Have Yourself a Merry Little Christmas

After caroling and touring and enjoying festive balconies, it felt like...December 26th, but in a good way.  We were so consumed by the Christmas spirit that we could take it back to Florida with us (along with a few extra orders of beignets).

Peace Y'all!

Saturday, December 5, 2009

Debt and Redemption...Revisited

I open the First Premier envelope as I've done for the past few months, poised to write my $6 check. Yes, it's silly to pay $6 a month “finance charge” on a credit card with no balance, but I want to milk the benefits to my credit score.

I'm about to tear off the payment portion when bold print catches my eye:


“Is this $48 fee in addition to the $6 I already pay every month?”

“Yes, it is.”

“Okay. I'd like to close this account.”

Chances are this isn't the first time First Premier has assessed an annual fee, but it's the first time that I care. I've made some significant changes in my budget, by creating one that I actually maintain. I even moved, thus downsizing my rent by over $300 a month. I rearranged my priorities to gain better financial positioning. And now, I care. Before, a fee was the furthest thing from my mind. When you're keeping your head above water, making a way when you can, you don't spend a lot of energy analyzing fees. After all, you probably caused them. Call the company for what?

“Why would you like to close your account today ma'am?”

(pause, gag, cough) “Because I'm paying over a hundred dollars in fees on this card!”

“I can waive $40 of the annual fee...”

Wow, this is different. I'm not begging for an extension or a waiver or telling off another bill collector this time. The creditor is finally in a position where it has to win me back. And I'm finally in a position where I can tell First Premier exactly what to do with their $120 in debauchery.

“I'll close the account.”

My motto has always been carpe diem, make memories, enjoy all costs. Life is too short to cry over bills. And while I still embody that attitude, I'm really diggin' the power that comes with this newfound financial freedom. Options. Leverage. Not settling for dummy deals.

So this is what it feels like to hold the cards.

Pun intended.

Image by Faakhir Rizvi

Saturday, November 14, 2009

Theater Connect: The Color Purple

It's the only non-gospel, non-Tyler Perry play that black folks flock to en masse -- The Color Purple.

I attended opening night of the Orlando run last week; it was my second time seeing the show. The first time was on Broadway in December 2007 during one of Fantasia's last performances as Celie. My aunt and I stuffed ourselves into pint-sized balcony seats with 4 millimeters of leg room and nowhere to place our coats and purses. Needless to say, I was able to focus better on the musical from orchestra seats in Orlando than cramped attic seats on Broadway.

[Delect Inject: Lesson for life--Sometimes it's worth it to just pony up the extra money to truly enjoy an experience.]

On this tour, Kenita R. Miller does an awesome job as Celie, the unfortunate and often-called-ugly main character. Fantasia's Broadway version of young Celie had the advantage of Fantasia's childlike voice. However this aspect also weakened her performance when she wasn't enunciating. Soft words with no distinction sound like baby murmur (at least from the sky seats).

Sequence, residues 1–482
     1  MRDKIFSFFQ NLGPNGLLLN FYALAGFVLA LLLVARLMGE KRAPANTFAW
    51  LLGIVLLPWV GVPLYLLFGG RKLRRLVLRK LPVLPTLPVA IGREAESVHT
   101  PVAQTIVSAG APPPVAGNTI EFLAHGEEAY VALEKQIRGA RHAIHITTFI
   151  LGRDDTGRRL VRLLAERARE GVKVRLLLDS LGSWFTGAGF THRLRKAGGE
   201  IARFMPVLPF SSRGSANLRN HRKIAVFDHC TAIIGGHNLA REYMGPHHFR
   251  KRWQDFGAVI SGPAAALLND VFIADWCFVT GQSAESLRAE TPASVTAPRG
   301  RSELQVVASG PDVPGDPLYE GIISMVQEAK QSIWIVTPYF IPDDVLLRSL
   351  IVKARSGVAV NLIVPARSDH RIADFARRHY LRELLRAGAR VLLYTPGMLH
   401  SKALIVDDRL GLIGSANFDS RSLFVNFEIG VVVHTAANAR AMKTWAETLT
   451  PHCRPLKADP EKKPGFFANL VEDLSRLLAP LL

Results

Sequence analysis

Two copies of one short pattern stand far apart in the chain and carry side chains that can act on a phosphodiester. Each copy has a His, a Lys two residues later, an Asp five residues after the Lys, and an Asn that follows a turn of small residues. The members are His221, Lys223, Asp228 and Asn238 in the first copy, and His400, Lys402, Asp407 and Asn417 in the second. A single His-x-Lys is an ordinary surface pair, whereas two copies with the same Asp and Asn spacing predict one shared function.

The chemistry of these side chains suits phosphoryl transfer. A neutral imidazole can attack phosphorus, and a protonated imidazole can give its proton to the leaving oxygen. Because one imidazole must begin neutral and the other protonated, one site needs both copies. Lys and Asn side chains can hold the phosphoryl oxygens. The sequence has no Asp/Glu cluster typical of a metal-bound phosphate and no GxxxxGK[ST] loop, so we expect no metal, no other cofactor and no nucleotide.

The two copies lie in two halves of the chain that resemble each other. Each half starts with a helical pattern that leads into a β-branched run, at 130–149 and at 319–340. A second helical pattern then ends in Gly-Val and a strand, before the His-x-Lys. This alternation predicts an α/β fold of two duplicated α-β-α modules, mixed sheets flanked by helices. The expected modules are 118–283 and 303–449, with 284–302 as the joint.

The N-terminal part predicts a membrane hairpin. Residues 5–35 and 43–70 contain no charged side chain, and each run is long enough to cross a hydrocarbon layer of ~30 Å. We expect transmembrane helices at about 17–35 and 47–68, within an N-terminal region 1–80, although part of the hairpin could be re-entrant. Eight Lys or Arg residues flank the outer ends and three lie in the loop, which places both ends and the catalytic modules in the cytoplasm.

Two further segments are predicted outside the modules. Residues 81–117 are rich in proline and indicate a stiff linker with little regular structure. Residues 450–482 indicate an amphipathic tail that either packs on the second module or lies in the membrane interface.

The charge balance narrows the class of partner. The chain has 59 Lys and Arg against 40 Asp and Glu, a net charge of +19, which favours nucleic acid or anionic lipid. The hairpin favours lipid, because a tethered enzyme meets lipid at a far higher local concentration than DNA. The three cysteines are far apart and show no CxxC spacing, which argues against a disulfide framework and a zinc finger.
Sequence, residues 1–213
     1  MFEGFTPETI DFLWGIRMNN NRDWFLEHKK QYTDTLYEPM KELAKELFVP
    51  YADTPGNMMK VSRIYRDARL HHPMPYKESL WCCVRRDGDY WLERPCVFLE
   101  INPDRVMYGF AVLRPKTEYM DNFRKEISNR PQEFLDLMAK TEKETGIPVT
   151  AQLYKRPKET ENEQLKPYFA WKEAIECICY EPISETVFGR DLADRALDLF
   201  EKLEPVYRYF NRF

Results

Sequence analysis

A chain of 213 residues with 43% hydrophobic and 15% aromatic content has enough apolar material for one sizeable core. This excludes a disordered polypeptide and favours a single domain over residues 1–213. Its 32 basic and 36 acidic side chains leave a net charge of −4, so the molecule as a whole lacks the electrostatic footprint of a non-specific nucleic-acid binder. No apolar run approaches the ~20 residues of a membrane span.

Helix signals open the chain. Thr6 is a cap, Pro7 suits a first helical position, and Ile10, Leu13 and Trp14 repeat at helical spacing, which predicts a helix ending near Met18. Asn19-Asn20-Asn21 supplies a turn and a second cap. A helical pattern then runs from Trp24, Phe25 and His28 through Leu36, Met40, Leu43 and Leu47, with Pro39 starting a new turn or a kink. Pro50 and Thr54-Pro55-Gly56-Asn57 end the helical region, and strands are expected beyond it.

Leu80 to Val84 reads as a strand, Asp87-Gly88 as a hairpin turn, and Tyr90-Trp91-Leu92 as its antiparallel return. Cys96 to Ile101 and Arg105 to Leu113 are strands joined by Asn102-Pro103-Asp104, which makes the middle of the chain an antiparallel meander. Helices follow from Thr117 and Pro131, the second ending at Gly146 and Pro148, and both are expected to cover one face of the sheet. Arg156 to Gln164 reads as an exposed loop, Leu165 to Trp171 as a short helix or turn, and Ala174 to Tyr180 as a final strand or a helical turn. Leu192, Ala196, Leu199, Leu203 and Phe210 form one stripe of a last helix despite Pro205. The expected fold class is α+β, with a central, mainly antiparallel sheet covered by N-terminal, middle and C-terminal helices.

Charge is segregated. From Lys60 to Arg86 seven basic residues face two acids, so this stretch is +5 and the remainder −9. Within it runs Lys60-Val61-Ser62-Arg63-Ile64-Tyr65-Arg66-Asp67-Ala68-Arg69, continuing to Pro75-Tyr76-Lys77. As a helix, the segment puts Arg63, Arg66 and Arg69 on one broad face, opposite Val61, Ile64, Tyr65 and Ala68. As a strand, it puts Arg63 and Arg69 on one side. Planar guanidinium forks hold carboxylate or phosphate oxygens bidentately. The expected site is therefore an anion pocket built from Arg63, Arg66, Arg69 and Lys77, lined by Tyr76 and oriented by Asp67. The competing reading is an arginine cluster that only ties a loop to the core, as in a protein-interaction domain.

Angela Robinson as Suge Avery performing "Push Da Button."

My favorite character in the show is the fiery nightclub singer Suge Avery, played by Angela Robinson. Robinson brings so much panache to the role that I'm inspired to name my alter ego Suge Avery (move over Sasha Fierce!). Let me clarify, I was taken by Ms. Avery, but not the way Celie is in the story. Audience members unfamiliar with the book are often surprised by the turn Celie and Suge's relationship takes during Act II. Let's just say a rather bizarre moment occurs when Celie and Mister reminisce about how Suge left both of them.

Favorite character honorable mention goes to Sofia, played by Felicia P. Fields. Sofia is big in size and in personality. After “You told Harpo to beat me,” Sofia and her sisters perform one of the funniest numbers in the show, simply entitled, "Hell No!”

Although two of Suge's memorable songs from the movie (the one that goes, "Sistah, you been on my miiiind..." and "God is Trying to Tell You Something") are not featured in the play, there are plenty more songs to get your foot tappin'. Nineteen to be exact, including a reprise. And while I'm driving down this street...sigh. Musicals are a gift and a curse. You get a concert and a story all in one. But in the first act of The Color Purple, the numbers ran back to back to back. By the time any significant amount of dialogue was introduced, I was all sung out. Also, so much of the story is expressed through song that it's easy to miss some of the details. Eh, such is the nature of the beast, I suppose.

Nonetheless, The Color Purple is a phenomenal show with an impressive, ever-changing set, imaginative choreography, intriguing story, and soul. The show tours through February 2010, with Fantasia rejoining the cast during its last stop, in Los Angeles.

Monday, November 9, 2009

Film Connect:  Citizen Kane

Yeah, I took it back.

Way back.

To 1941.

That's so far back the term "old school" sounds too new to describe how far back it is. I borrowed Citizen Kane from the library this weekend not entirely on accident. I've wanted to learn more about the classics--books and movies--for a while now. Consider it part of my campaign to become a little less ignorant every day.

In brief, the movie is about the character Charles Foster Kane, played by Orson Welles (also the director) and his quick and unearned rise as publisher of a newspaper empire. He begins his career with good intentions, then power and money do what they do best (strip a man of all moral character), and he dies lonely in a giant estate (think Neverland times 50 with a castle and man-made mountain) called Xanadu.